|Monday, March 25, 2013||(Comment)|
Is Australia's plus-70-year copyrort term unconstitutional?
A copyright is a bargain whereby We the People, in return for the creation of a literary or artistic work which We the People may freely use after a certain date, give the creator the exclusive right to profit from the work until that date. On the next day, the copyright is due to expire and the work is due to enter the public domain.
But when the expiry dates loom, the copyright owners — who by this time are seldom, if ever, the original creators — don't want to keep their side of the bargain: they repeatedly demand, and get, extensions of copyright on existing works. Every such extension deprives Us the People of another slice of the benefit that was due to us under the agreement by which we granted the copyright. In other words, every such extension is a massive theft of intellectual property from Us the People, for the benefit of Them the copyright owners; indeed, the biggest thefts of intellectual property in history have been extensions of copyright on existing works.
Meanwhile the copyright owners complain incessantly about alleged thefts of their rights, but never about their thefts of our rights: we must not steal, but they may lobby Parliament or Congress to steal from us for their benefit.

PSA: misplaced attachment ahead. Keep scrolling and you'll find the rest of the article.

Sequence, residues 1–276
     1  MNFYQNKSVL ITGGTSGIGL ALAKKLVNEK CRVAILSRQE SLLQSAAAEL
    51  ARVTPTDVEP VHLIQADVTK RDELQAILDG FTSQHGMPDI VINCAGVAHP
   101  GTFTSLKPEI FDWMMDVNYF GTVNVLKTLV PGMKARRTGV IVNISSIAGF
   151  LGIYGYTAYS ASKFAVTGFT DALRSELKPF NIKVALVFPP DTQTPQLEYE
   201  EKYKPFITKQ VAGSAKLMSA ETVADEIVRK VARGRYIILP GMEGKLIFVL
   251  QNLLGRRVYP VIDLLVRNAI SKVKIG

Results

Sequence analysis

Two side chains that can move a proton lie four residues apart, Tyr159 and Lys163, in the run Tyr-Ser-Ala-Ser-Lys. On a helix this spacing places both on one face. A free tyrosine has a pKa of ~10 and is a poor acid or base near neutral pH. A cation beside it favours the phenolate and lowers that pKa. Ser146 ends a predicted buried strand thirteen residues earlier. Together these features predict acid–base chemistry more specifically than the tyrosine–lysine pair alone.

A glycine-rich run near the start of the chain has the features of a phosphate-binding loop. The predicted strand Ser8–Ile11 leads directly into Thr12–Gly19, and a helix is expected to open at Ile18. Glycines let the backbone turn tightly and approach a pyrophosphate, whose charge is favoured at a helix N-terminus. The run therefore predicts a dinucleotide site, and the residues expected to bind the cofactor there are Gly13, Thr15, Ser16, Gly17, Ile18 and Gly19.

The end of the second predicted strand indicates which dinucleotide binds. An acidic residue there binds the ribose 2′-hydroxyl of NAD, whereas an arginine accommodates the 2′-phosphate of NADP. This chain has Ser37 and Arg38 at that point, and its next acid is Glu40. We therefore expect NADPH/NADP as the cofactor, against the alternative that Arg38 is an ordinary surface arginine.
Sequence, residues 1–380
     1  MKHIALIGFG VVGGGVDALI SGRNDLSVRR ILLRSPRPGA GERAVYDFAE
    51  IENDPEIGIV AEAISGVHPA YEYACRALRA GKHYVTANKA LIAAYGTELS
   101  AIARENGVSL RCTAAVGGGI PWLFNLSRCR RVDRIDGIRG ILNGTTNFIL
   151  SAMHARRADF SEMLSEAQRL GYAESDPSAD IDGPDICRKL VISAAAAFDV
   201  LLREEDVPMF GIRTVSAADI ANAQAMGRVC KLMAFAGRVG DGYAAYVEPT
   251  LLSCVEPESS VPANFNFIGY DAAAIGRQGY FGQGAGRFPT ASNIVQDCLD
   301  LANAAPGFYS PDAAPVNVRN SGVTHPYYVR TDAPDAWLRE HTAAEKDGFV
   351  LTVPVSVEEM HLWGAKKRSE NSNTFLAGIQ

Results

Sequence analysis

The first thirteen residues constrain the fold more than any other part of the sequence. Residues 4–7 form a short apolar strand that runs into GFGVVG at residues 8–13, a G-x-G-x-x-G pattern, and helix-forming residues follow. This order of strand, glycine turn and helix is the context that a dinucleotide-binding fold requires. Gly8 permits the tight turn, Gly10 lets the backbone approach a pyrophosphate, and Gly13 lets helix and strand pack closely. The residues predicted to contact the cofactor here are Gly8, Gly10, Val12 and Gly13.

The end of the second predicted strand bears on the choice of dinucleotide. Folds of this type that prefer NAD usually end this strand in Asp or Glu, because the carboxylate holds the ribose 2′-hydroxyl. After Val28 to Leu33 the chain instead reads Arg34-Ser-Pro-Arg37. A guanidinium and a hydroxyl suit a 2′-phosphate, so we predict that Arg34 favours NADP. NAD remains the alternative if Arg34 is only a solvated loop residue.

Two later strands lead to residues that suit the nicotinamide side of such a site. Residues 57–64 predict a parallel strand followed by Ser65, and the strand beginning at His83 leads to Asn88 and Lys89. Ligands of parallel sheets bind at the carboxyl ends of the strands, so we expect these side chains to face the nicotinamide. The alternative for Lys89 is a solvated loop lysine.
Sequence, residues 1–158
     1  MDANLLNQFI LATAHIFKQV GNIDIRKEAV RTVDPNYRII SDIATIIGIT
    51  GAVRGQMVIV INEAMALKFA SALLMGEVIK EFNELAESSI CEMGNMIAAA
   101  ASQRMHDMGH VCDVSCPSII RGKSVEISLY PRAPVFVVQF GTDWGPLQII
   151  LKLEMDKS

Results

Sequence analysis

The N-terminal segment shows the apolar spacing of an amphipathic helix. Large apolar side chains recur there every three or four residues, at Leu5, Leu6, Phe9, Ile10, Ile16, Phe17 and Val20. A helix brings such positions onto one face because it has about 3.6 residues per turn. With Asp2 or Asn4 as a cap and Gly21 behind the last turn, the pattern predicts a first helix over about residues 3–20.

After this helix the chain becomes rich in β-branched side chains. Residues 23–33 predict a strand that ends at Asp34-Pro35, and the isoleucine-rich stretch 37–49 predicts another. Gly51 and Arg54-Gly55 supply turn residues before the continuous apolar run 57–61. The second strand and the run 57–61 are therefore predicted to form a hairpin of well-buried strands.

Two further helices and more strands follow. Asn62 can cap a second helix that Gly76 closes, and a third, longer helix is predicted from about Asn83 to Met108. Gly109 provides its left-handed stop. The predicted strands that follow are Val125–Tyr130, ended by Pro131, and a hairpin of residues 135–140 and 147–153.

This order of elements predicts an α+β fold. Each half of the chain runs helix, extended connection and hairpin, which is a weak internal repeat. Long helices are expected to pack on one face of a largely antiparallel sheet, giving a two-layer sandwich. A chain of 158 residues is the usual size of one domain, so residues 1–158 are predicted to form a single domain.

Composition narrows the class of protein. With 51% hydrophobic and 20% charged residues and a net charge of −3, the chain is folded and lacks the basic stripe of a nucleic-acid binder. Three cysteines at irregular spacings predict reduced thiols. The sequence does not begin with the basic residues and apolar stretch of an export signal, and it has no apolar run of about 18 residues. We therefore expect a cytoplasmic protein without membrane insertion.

There is no element of theft if the copyright extension applies only to future works, because property rights in those works do not yet exist and will not be created until the works themselves are created. Only when the copyright extension applies to existing works does it deprive Us the People of existing rights.
But nobody bothers campaigning for a copyright extension applying only to future works. If the current term is (say) 70 years, and if that term is increased to (say) 90 years for a work that you will produce next year, you won't see any benefit until 70 years later, by which time you will be dead. Even if you're acting for a corporation with a theoretically infinite life, cash-flows so remote in the future, if they can be quantified at all, are so heavily discounted in your present-value calculations that they hardly matter. Therefore an extension from 70 years to 90 years on future works will not measurably increase your incentive to create new works. Therefore it is not in the interest of future generations to make them wait any longer for the works to enter the public domain. But if the extension applies only to future works, it cannot, as far as I can see, be characterized as theft, whatever its other faults may be.